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Second Report on Developments Regarding Environmental Programs During the Second Bush Administration

in the period between July 15, 2002 and Feb. 1, 2003

Michael McCloskey
January 20, 2003

Positive developments preceded by [ + ]; negative ones by [ - ].

Nearly 85% of the developments are negative. Most of the positive developments concern action by EPA. Also Bush did sign a few small wilderness bills.

Arctic National Wildlife Refuge

-      Interior Secretary Gail Norton has urged President Bush to veto any version of the Energy Bill that does not include authorization to drill for oil and gas within the Arctic National Wildlife Refuge. But the bill died in the 107th Congress.  [9/20/02]


-      The EPAs annual report on air pollution trends this year leaves out its regular section on climate change because of industry opposition. [9/15/02]
-      The Bush Administration is still studying the question of whether human actions are causing changes in the climate, notwithstanding a consensus among United Nations scientists that they are. In the meantime, it refuses to agree to the Kyoto Protocol. [11/13/02]


-      The Bush Administration is backing power industry plans to build eight new coal-fired power plants in Kentucky; others may soon emerge. [9/26/02]

-      The Bush Administration has proposed to open millions of acres in six Rocky Mountain states to oil and gas drilling, but critics say that only eleven weeks of supply would be generated and that little has been done to assess the environmenta impacts. [10/30/02]

+/ -      The Bush Administration has ordered only a slight reduction in emissions from snowmobiles and other off-road vehicles. [1/5/03]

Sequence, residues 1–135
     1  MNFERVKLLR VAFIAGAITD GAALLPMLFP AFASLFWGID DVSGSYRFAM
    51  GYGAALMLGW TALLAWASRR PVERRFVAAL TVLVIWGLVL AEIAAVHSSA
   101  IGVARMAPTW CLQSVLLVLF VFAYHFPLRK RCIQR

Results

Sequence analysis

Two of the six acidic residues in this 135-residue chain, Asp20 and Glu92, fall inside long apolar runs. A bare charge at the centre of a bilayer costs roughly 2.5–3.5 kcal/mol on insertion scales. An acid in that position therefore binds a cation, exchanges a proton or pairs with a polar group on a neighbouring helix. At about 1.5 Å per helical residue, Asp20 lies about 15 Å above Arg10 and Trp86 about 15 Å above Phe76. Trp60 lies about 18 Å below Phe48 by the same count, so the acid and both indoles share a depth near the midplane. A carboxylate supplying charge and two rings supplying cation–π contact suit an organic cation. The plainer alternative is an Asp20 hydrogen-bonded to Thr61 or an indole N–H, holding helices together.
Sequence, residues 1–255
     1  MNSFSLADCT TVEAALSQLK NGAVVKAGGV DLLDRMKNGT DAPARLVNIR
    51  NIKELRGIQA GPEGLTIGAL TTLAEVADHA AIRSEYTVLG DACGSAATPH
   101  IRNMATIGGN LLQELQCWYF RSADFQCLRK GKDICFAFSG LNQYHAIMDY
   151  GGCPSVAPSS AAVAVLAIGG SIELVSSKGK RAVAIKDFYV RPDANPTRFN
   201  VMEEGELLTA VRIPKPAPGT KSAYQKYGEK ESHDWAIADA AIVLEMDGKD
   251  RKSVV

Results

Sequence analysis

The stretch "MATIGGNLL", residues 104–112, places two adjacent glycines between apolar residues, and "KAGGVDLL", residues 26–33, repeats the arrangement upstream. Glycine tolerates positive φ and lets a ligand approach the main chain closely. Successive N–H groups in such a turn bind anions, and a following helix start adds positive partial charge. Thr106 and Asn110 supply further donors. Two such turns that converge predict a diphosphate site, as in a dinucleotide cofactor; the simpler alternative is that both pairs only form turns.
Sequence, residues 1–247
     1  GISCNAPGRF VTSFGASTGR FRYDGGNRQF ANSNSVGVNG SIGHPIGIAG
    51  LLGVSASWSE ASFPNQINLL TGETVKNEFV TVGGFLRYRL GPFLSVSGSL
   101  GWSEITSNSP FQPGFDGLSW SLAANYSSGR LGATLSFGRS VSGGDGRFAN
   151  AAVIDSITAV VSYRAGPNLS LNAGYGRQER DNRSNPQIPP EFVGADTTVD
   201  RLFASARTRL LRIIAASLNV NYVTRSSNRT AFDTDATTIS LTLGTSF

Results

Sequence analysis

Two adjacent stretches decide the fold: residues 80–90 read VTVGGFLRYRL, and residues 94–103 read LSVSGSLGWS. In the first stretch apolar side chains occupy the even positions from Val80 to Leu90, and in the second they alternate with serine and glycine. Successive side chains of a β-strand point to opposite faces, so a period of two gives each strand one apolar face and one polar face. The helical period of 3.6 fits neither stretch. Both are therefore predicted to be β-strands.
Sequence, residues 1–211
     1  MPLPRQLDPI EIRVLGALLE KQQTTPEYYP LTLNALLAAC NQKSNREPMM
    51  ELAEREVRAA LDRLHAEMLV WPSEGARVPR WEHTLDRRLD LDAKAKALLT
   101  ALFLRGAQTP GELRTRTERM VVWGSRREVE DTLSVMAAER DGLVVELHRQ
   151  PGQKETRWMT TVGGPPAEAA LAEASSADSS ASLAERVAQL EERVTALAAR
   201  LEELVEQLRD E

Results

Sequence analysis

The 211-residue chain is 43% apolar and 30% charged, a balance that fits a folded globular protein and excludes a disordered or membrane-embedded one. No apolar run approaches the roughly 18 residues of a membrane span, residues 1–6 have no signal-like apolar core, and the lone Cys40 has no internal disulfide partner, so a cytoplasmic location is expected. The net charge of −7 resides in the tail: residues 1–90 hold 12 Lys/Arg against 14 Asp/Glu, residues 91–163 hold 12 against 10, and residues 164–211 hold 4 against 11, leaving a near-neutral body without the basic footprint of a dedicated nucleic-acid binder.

International Policy

-      At 3rd World Conference on sustainable development, the Bush Administration has rejected all initiatives and decided to "stand pat." A small amount of "new" foreign aid was later offered to protect forests in Congo and for energy projects in poor countries, but this may really involve a reshuffling of money. [9/5/02]

-      The Bush Administration has taken a stance that the National Environmental Policy Act does not apply to federal waters off U.S. coasts. [11/7/02]

Mining and Oil and Gas Leasing

-      The Bush Administration is trying to weaken the bonding requirements for mining so that mining companies would free to offer unenforceable assurances, instead of having to buy a bond, that they plan to rehabilitate the area [fall/02]

-      The Corps of Engineers is proposing to permit mining of 15,000 acres of wetlands in Florida's Everglades, allowing 1.7 billion tons of limestone to be mined for road construction. [8/21/02]

-      The Bush Administration has decided to let exploration occur outside the boundaries of grandfathered oil and gas leases within the Ancients National Monument in Colorado. As many as l900 acres of unleased land will be affected.

-      Interior Secretary Gail Norton has rejected proposals to have a panel of citizens oversee the trans-Alaska pipeline, which is having its permit extended. [9/12/02]

-      The solicitor of the Bush Administration's Interior Department has moved to overrule his predecessor's ruling that miners may only use five acres for each mining claim for their mill site (the "Leshy" rule). [9/14/02]

-      The Bush Administration's Interior Department has sided with the Glamis mining company in deciding that its claims in the California Desert Conservation Area are valid and do not fall afoul of the restriction against "undue impairment." They signaled their intent to overrule that provision. [10/15/02]

-      The BLM has failed to assess the cumulative effects of waste disposal and use in its EISs for coal methane development in Wyoming. [11/8/02]

-      The Bush Administration has approved going ahead with drilling two new natural gas wells in Padre Island National Seashore. Eleven endangered species are found in the seashore, along with the Kemp's ridley sea turtle, for which the area provides its principal breeding ground in the U.S. While drilling in allowed in this seashore on inholdings, the amount of drilling has been declining until now. [11/22/02]